“I said, ‘You’ve taught an entire generation about the Arctic,’ ” Papp said. “Unfortunately, the Arctic that you’ve taught them about is a fantasy kingdom in Norway where everything is nice. What we really need to do is educate the American youth about the plight of the polar bear, about the thawing tundra, about Alaskan villages that run the risk of falling into the sea because of the lack of sea ice protecting
their shores.”

Papp, a retired Coast Guard admiral, said Disney wasn’t interested in using its characters to tell sad stories.

“As I continued to talk, I could see the executive getting more and more perplexed, and he said, ‘Admiral, you might not understand: Here at Disney, it’s in our culture to tell stories that project optimism and have happy endings,’ ” he said.

But he suggested talks were continuing.

“We’re regrouping on our storyline and we still have Disney engaged, but there’s more yet to come there,” Papp said at the time.

In March of that year, Papp at a Washington, D.C., event said that State is “continuing discussions with Disney,” and he was “hopeful” they could come to a deal to use “Frozen” for climate messaging.

Reached Monday by The Hill, Papp in an email said that the controversy was overblown.

“This is an old (very old and tired) story that I believe was misrepresented in the press,” he said. “It was a simple meeting between me and a Disney representative. I proposed a PSA using the ‘Frozen’ characters; they declined. I didn’t keep the story alive, someone in the press did,” Papp said.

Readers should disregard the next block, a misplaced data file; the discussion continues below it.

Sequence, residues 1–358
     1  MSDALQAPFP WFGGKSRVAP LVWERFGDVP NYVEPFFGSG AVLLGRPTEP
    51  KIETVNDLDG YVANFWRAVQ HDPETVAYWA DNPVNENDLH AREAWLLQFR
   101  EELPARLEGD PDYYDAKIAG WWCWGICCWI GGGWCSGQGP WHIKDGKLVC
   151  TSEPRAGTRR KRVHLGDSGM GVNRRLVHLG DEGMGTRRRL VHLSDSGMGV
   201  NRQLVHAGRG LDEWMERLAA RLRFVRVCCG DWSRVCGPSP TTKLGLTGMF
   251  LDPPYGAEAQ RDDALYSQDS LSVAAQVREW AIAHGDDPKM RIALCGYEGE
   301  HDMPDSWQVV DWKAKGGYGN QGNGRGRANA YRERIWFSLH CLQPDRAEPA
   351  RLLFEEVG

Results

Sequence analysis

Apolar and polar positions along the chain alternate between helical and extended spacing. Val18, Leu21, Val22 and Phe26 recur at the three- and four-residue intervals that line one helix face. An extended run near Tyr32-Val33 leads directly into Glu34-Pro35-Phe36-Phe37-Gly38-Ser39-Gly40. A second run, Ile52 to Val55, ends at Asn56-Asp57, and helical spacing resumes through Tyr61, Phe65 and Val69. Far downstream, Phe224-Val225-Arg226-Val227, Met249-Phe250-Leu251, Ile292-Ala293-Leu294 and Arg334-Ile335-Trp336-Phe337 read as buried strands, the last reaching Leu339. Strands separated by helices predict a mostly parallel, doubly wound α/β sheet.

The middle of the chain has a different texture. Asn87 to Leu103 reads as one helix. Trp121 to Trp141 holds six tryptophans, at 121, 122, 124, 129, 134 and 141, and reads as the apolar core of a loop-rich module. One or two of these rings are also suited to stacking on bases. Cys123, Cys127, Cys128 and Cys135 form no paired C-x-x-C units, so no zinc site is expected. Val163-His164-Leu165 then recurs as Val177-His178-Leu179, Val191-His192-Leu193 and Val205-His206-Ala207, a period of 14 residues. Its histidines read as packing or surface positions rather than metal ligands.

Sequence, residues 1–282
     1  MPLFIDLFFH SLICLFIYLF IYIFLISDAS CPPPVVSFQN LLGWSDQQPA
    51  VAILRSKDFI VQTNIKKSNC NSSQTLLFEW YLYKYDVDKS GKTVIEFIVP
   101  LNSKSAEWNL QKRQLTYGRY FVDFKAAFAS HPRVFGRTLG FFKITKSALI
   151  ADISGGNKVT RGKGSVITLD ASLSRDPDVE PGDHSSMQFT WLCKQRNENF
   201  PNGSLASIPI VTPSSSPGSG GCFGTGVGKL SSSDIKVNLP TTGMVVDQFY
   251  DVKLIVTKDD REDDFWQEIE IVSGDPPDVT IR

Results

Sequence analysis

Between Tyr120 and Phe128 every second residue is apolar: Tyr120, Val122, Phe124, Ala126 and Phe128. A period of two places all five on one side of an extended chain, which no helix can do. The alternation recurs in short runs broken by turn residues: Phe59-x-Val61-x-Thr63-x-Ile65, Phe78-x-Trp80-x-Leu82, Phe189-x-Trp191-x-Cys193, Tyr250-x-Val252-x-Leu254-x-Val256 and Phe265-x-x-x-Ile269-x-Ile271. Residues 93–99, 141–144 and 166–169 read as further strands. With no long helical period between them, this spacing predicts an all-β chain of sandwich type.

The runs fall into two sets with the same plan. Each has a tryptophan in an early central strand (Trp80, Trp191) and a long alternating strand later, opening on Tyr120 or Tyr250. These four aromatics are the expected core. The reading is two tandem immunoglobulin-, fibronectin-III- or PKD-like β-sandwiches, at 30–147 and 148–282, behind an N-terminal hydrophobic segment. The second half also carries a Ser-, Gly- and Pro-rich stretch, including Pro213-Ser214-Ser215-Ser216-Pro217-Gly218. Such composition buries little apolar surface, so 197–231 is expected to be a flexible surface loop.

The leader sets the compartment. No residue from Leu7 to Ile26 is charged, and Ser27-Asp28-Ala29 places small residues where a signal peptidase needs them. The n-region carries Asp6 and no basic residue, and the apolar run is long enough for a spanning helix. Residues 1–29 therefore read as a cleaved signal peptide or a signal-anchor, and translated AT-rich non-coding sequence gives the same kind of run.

“As far as I’m concerned, it’s case closed,” said Papp, who is now head lobbyist for Eastern Shipbuilding Group Inc.

Disney didn’t respond to a request for comment, and State declined to comment.

The records released by State show the numerous steps the department took to woo Disney.

Besides Papp’s meeting with Baribault at Disney’s California offices, a four-page briefing document shows that Papp wanted to “elicit a firm commitment from Disney to work with us in some way on our Arctic Council Chairmanship public outreach campaign.”

State’s ideas for a Disney partnership included a public service campaign using “Frozen” actors, a child-friendly educational website on climate change, a screening of the film at the Kennedy Center and a traveling exhibition.

Bob Iger, CEO of Disney, cares deeply about climate change, a fact that State said would work in their favor.

But the day after Papp met with Baribault, his staff wasn’t optimistic.

Jennifer Ey, Papp’s chief of staff, wrote in a memo to a State official that the meeting “was interesting, but ADM Papp didn’t think widely successful in that the negative impacts being seen in Arctic don’t necessarily fit within general Disney messaging of hope and happy things.”

The Trump administration hasn’t appointed an Arctic envoy. Its climate policies represent a 180-degree turn from Obama’s, including promising to exit the Paris climate agreement and rolling back nearly every climate policy from the previous administration.